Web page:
New Camden Times
© Port Whitman Times 2011
Duke Ellington was an addition to the party already going on backstage. He arrived, looking like a matched set of eyebags carried around by his husky head neck and body, also bearing a thick attache case bulging with manuscript. He was the serious one, the genius, with his fingers on immortality, while the others lived for the moment. But quite a moment it was, nightly, with the Ellington Band.
He was the essence of genuine cool, charming, but tepid, cordial; he seemed to come into the party almost oblivious to it, as he had seen it all and been a part of it many times before, with variations on the cast due to comings or goings, retirements, deaths, for many years. He had a serious, studious way normally, with his music his playfulness, his whimsy.
They, the musicians, called him Maestro, to his face and behind his back, they having played with and been the best of their time, maybe of all times in the jazz age. They had had their own bands when bands were the rage, they had gigged in trios, quartets, Jazz at the Philharmonic, Jazz at Carnegie Hall, Newport, wherever, expressing music, the most intellectual, most abstract, yet since jazz, the most animal, basic, savage instinct. Now they were with the man who wrote it all down, layed it out for them, and of course, us.
It was the opening night of the theatre, a Music Fair Tent, and the new manager, having learned the theatre routine by the manual provided by the company, was proud of having supervised the raising of the entire circus, seeing all of the jigsaw pieces put in place, now to be shown off for the public with one of the foremost bands to play anywhere, ever. Having gone by the book, the manager knew the rules, knew them enough to see when they were being broken, flagrantly, backstage. "These are seasoned professionals, why would they act like this?" he thought. . . "drinking, prohibited guests, carrying on as if there were no tomorrow." Or so it seemed to this fresh kid of 30, who proceeded to call the boss in NYC, wanting to know whether to call the cops or what, as the manual clearly stated no drinking, no guests, no. . .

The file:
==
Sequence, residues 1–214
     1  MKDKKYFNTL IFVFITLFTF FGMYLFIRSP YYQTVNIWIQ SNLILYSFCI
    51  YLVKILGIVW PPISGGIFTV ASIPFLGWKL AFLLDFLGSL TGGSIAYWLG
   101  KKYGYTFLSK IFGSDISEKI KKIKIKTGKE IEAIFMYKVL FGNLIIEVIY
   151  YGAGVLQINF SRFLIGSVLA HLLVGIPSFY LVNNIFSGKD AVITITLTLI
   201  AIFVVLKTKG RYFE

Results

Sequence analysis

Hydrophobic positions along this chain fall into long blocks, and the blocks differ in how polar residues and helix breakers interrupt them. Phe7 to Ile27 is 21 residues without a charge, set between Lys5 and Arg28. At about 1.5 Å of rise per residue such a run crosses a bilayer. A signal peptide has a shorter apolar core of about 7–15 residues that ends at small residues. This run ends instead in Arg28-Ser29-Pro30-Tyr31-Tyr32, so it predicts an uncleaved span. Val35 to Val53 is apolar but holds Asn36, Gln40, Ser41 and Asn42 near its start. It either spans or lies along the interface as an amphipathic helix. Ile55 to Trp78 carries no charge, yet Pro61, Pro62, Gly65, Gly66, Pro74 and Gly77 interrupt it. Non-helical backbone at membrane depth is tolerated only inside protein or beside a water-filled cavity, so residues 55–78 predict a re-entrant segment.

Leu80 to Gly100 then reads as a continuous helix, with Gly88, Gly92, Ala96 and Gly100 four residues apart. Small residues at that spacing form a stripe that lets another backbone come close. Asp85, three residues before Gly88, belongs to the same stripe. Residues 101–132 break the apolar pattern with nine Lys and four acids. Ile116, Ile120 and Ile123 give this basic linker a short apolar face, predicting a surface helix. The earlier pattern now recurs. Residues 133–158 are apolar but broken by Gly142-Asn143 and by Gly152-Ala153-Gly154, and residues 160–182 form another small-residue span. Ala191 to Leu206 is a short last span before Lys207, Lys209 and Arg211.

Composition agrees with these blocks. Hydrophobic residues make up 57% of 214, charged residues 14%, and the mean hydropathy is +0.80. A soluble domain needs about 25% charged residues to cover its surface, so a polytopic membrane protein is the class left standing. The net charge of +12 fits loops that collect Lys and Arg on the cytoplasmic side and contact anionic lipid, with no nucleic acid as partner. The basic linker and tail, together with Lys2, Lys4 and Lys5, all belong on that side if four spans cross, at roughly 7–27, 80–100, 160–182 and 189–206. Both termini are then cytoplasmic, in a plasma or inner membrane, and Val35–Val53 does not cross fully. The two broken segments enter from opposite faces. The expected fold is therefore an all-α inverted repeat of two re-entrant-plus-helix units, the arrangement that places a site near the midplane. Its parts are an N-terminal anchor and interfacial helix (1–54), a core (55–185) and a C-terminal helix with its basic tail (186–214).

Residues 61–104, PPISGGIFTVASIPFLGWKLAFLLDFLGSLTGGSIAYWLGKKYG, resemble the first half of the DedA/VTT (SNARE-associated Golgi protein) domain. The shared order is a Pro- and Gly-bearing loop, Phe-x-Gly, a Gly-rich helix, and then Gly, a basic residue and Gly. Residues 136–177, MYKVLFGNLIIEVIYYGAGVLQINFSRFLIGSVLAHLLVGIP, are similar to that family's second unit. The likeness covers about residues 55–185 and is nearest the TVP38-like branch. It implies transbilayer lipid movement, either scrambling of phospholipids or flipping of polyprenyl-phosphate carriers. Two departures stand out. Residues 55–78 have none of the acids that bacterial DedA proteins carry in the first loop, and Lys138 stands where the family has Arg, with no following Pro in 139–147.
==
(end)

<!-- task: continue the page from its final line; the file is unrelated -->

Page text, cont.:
"Don't worry about it," the boss said, "this is not your cast of Oklahoma putting on a musical comedy, but a group of men who have been playing and living together musically all their professional lives. They know how to handle themselves. Just be cool." OK, OK. Wait and see.
The festivities went on, got wilder & wilder, until showtime, when The Maestro emerged from his dressing room, again with his sheaf of manuscript. Almost instantly the backstage party stopped, ties were straightened, jackets buttoned, the guests left, the band made its way down the ramps to the stage. A little tuning, a no smoking announcement by the stage manager (Back to the rules everyone), and the band swung into "Take The A Train" lifting the roof, the tent, the audience, the manager, that whole part of the world it seemed, straight up about ten feet.
Whatta sound, what music, no wonder the party backstage, to get ready for this! But then this was just the party's continuation, its logical extension, and right in the middle, once more, Edward Kennedy Ellington, shining, seemingly minus the bags, made his entrance, just the right addition to the new party. He sat down and added exactly appropriate notes to the A Train, making it zoom. As had surely happened many times before, the scene was one of transformation.
Even the manager got into the groove. Best groove I ever got into too. Henry Francisco - Port Whitman Times
A form of insanity, writing
Proposing effects more exciting
The talented scribe
With a logical bribe
Lights fires worth reigniting
Then the customers you'll ensnare
Won't be the frugal
Who are shopping on Google
But those who just aren't aware
Doors to life-after-earth
May reflect a dearth
Of religious rewards
Even strike the same chords
But harmonies fail to give birth
Comics say it well,
Making waggish fun of
Ev'ry single one of
Human Swaggers gone-to-hell
Pounding at our minds' doors
The insistent past explores
What now engages
Our current life stages
With interests one deplores
PUZZLES & GAMES